The OUN as an organization remains at odds with the Ukrainian government, and as recently as May 9, national guard troops stormed OUN headquarters in Kyiv. Inside the headquarters were members of OUNs “Storm Corps,” which had unofficially completed a rotation to Donbas in the summer of 2016. The OUN volunteer battalion is now scheduled to begin its first official deployment this summer for a duration of approximately three months. Questions remain about the status of the unofficial armed elements of the organization, and if it will find itself in contest with the government once more.

Formal units of the Ministry of Internal Affairs in the ATO zone used to make up the majority of active units in the area but are now a minority, and have largely been replaced by units under the Ministry of Defense. The National Guard of Ukraine (NGU), a type of gendarmerie on steroids under the MIA, contains some of the revered and politically active units to have sprung out of the conflict thus far. The National Guard’s 18th Operative Purpose Regiment in particular represents this category of units with far-right motivations, as it contains both Azov and Donbas battalion. These units have, through their growing popularity, been able to seize initiative and expand their functions to beyond what would be considered normal for a national guard unit. They’ve been able to accomplish this due to a general distrust in government institutions. As of 2016, volunteers were the second most trusted institution in Ukraine, second only to the church.

Azov, perhaps the most well-known unit in the conflict, has grown immensely since its inception. This growth has happened not only in its function as a paramilitary unit, but also in its function as a platform for civil, political and “uncivil” society. Azov as a “brand” consists of three main bodies—one governmental (Azov Battalion), and two nongovernmental. The nongovernmental institutions hold a great significance in Ukrainian society, and have gained notoriety in the past year. On October 12th 2016, Azov’s own press corps announced the coming establishment of the “National Corps” political party on October 14, which would be formed on the basis of the alread -established Azov Civil Corps. Azov’s Civil Corps, along with the National Corps, is intrinsically connected with Azov, which in turn had sprung out of civil society movements itself.

Azov’s Civil Corps has been active since at least 2015 as a recognized entity, and its members identify themselves as activists. However, the Civil Corps has gained notoriety for its operations against certain private establishments. In spite of its bad press, the Civil Corps does have positive functions commonly associated with civil society, such as self-defense classes, issuing storm warnings, visiting animal shelters and so on. The Azov Civil Corps is known to hold blockades of private and public entities. One such blockade occurred in front of Kyivmiskbud’s office. There, the Civil Corps physically prevented employees from entering the building if Azov had deemed the organization to be in violation of some sort of code, be it moral or legal. However, the height of these operations was reached in March 2017 when the Azov Civil Corps, with help from other groups, walled off the Russian Sberbank Headquarters in Kyiv in an attempt to prevent the bank from being accessible. This climactic event came after a long line of attacks and blockades on Sberbank assets by the Azov Civil Corps. These attacks on Sberbank in particular were based on claims that the bank was secretly fueling Russian separatism in the east. This is a common motivation for activism by organizations related to military institutions in Ukraine.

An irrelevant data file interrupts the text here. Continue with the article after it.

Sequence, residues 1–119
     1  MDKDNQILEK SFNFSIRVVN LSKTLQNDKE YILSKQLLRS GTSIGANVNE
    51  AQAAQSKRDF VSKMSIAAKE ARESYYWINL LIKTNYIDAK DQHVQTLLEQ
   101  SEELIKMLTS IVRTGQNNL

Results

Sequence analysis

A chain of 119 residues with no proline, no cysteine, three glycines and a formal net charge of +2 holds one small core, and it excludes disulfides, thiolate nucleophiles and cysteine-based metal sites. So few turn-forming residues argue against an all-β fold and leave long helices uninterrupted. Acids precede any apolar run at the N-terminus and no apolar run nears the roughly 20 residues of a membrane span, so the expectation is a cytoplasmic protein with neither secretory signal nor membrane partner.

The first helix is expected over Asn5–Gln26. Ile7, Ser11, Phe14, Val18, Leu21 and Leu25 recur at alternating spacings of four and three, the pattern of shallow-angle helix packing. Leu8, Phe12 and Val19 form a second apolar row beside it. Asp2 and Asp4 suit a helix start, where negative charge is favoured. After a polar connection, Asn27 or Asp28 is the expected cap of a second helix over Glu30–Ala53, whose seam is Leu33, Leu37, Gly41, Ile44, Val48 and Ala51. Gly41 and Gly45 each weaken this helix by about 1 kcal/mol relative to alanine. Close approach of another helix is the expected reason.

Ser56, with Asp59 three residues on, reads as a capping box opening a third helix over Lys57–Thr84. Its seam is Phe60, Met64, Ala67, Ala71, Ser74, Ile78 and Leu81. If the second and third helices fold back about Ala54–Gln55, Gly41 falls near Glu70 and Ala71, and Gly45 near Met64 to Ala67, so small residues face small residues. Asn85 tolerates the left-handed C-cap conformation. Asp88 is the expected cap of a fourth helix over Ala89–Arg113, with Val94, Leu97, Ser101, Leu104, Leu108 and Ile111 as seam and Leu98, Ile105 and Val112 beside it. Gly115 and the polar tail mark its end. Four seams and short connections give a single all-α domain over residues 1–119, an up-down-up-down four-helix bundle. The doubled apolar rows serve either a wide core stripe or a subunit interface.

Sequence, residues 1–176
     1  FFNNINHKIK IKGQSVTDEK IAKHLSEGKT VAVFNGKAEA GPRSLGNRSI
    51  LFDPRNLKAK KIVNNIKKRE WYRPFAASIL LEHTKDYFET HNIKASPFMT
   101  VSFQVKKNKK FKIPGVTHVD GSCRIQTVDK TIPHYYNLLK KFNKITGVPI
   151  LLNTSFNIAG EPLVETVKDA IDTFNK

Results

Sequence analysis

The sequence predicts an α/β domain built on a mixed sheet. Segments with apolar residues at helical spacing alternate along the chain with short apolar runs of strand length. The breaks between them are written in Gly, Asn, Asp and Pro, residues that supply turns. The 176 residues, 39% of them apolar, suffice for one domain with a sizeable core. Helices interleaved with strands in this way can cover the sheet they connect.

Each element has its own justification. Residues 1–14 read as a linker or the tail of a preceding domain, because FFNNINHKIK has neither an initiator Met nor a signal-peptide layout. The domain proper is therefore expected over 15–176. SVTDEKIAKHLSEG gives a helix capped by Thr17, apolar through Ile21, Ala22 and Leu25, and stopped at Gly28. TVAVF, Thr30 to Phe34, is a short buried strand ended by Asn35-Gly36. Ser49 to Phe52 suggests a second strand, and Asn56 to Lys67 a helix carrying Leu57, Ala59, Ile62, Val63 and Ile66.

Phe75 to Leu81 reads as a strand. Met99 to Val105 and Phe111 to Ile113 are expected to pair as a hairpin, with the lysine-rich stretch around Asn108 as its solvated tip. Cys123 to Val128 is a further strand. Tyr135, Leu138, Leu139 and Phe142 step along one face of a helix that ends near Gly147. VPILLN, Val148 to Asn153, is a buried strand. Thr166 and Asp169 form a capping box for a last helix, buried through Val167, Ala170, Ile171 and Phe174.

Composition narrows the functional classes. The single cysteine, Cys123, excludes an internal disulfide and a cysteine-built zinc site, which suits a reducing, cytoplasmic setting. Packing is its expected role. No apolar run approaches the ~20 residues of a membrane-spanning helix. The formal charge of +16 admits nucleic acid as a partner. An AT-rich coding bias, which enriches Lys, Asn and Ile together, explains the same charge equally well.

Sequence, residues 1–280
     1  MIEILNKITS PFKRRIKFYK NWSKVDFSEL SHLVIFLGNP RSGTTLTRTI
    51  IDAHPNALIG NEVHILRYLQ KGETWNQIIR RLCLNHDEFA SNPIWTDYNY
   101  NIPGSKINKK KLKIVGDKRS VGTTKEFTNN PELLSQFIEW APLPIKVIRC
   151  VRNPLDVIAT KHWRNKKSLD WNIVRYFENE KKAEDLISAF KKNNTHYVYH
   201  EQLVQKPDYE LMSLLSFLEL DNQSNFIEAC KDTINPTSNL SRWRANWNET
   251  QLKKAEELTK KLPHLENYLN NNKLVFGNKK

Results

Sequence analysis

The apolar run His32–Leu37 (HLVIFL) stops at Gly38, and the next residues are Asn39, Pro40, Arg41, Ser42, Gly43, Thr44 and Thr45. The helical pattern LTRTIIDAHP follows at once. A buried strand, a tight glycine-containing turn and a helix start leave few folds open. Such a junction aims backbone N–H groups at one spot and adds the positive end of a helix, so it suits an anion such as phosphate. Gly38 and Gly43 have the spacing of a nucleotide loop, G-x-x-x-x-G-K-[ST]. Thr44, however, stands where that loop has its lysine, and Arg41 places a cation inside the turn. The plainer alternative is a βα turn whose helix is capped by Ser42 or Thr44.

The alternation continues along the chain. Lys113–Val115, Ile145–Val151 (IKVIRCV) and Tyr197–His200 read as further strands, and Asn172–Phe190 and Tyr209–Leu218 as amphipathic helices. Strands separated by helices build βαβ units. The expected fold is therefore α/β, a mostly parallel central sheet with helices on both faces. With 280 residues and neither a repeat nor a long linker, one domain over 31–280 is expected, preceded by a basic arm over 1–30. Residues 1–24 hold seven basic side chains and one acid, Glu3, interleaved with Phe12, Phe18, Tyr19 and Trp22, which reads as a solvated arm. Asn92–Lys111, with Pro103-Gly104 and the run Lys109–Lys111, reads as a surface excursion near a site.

The Separate Special Purpose Battalion “Donbas,” under the command of battalion commander and People’s Deputy of Verkhovna Rada Semen Semenchenko, is currently a source of controversy due to its connection to an ongoing blockade of separatist held areas. Semenchenko is no stranger to confrontation with the Ukrainian government. He has been known to speak his mind since his criticisms of the Ukrainian military leadership in light of the Ilovaisk massacre. This blockade was launched in late January 2017 by Semenchenko himself, using demobilized Donbas battalion fighters and activists to enact the blockade. Igor Kolomoyskyi, the Ukrainian oligarch behind the funding of initial stages of the ATO, is suspected to be the financier of the operation. The blockade was met with heavy resistance from the Ukrainian security establishment, which denounced it as a destabilizing factor in the already precarious relationship between Ukraine and rebel entities. Kyiv went as far as to condemn it as a “populist action.” Eventually, Ukrainian police tried to break up the protest by force, but were unsuccessful. After the rebels nationalized Ukrainian industry on their territory, authorities accepted and adopted the blockade as official policy.